I don’t regard the healings of Christ and the apostles to be manifestations of the NT gift of healing, since they were operating before Pentecost. The Lord Jesus was first enabled to heal when the Spirit anointed Him at the Jordan. Christ later delegated healing power to the apostles (Mt. 10), and then even later to seventy others (Lk. 10). These were all signs of His Sonship, a truth which has timeless application. But their ministry was limited to the Jews (Mt. 10:5-6), a rule no longer in force.
The Gospels are a unique historical and theological bridge between Israel and the Church, so we cannot indiscriminately apply every example or rule in every Gospel story to the Church. For example, John 3:16 is a timeless promise, but, in contrast, Jesus’ command not to pack extra clothes is not (Lk. 10:4). Not being careful about applying Gospel material is a common mistake among preachers. I’m not saying we disregard the Gospels. But we must weigh Acts and the epistles together with the Gospels, in order to discern which principles and practices in the Gospels apply today and which ones do not.
Christ gave healing authority only to twelve disciples, not all. When He gave healing authority to the Seventy, no one else got it. The idea that God has granted healing authority to all believers is wrong. Christ even gave this power to an unsaved man (Judas Iscariot, Mt. 10:4), which no longer happens.
Christ died for your sins. There is no Biblical evidence that Christ by His cross made any provision for the miraculous healing of the body. For instance, He fulfilled Isaiah 53:4 by His three years of earthly ministry of healing, a long time before He died (Matt. 8:16-17). Isa. 53:5 says that His cross solves the problems of our transgressions, our iniquities, and our enmity with God, so the fourth parallel term (healed) also refers to sin. This is how Peter interpreted it (1 Pe. 2:24-25). The Bible promises forgiveness of sin to all, but not healing for all. God will meet our needs, but He might meet them in the midst of bodily infirmity.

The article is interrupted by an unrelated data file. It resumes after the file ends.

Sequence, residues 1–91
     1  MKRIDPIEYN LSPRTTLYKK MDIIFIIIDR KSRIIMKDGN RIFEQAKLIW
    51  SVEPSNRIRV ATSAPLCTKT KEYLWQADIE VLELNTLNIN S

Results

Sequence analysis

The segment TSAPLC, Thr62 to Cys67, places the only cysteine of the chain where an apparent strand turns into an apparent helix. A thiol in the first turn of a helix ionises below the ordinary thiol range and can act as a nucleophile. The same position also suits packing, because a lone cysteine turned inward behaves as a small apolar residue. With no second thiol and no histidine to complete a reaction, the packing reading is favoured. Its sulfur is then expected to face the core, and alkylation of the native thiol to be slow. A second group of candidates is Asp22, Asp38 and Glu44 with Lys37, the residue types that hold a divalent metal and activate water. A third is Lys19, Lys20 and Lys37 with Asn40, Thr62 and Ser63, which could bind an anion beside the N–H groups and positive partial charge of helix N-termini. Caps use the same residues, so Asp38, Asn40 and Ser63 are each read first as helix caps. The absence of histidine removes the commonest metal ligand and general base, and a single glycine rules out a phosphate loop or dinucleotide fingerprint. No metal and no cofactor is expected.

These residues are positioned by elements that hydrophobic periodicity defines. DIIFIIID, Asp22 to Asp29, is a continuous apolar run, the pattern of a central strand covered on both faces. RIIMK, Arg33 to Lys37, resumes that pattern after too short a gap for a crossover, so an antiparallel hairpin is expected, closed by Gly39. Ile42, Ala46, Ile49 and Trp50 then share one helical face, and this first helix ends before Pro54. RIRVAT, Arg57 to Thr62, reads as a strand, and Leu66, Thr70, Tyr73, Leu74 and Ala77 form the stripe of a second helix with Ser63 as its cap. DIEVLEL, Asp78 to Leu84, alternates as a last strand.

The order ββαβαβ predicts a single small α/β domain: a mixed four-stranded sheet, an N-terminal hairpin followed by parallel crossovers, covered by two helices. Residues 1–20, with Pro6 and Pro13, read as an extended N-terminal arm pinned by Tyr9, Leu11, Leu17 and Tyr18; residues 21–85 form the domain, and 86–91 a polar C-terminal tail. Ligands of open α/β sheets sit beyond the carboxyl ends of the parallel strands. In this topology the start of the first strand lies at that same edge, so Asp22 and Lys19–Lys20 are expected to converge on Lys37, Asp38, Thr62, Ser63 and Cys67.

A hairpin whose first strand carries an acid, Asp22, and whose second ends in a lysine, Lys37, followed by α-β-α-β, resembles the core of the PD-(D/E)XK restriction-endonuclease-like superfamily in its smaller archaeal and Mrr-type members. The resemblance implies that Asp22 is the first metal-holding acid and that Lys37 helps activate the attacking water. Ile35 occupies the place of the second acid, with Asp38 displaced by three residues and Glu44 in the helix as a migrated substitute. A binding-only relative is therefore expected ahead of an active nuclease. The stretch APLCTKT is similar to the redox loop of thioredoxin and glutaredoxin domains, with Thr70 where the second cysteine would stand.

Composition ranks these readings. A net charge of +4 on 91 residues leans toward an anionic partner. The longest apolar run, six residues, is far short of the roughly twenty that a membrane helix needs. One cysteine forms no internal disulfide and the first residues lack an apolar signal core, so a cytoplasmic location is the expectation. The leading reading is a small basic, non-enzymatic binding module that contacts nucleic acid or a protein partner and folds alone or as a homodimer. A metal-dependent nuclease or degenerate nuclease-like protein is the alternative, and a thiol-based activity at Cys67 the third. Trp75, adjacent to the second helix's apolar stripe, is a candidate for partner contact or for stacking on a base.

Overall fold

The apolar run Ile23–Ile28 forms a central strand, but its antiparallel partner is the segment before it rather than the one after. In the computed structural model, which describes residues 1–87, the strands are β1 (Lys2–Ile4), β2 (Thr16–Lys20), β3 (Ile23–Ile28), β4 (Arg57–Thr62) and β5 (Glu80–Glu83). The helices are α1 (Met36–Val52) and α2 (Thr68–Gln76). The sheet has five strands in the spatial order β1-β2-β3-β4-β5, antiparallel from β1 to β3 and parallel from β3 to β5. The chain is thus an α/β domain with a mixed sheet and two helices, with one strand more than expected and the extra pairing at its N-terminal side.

The teaching that God wants to heal all believers of all illnesses is a devilish doctrine that has broken the spirits, emptied the pockets, and ruined the lives of thousands of Christians.
God’s ability to heal isn’t limited to the gift of healing. The believing prayer of any righteous believer is powerful (James 5:16). The faith of any Christian can move a mountain (Lk. 17:6). Any elder can anoint a sick believer (James 5:14-15). Anyone’s faith in the Lord’s promises will work mighty miracles (Gal. 3:2). It’s faith enough, when you ask, to believe Jesus can do it. You don’t need to believe He absolutely will, or “claim” anything (Mt. 8:1-3).
Unlike evangelist, prophet, pastor, and teacher, there is no ministry role called “healer.” No one in the NT was a healer. They were apostles, prophets, evangelists, pastors, and teachers. God worked healings to confirm the message (Acts 14:3), not so much the man. Stay away from people who claim to have professional healing ministries. A godly man never takes credit for what God does through him, but gives all the glory to God (Acts 3:11-13).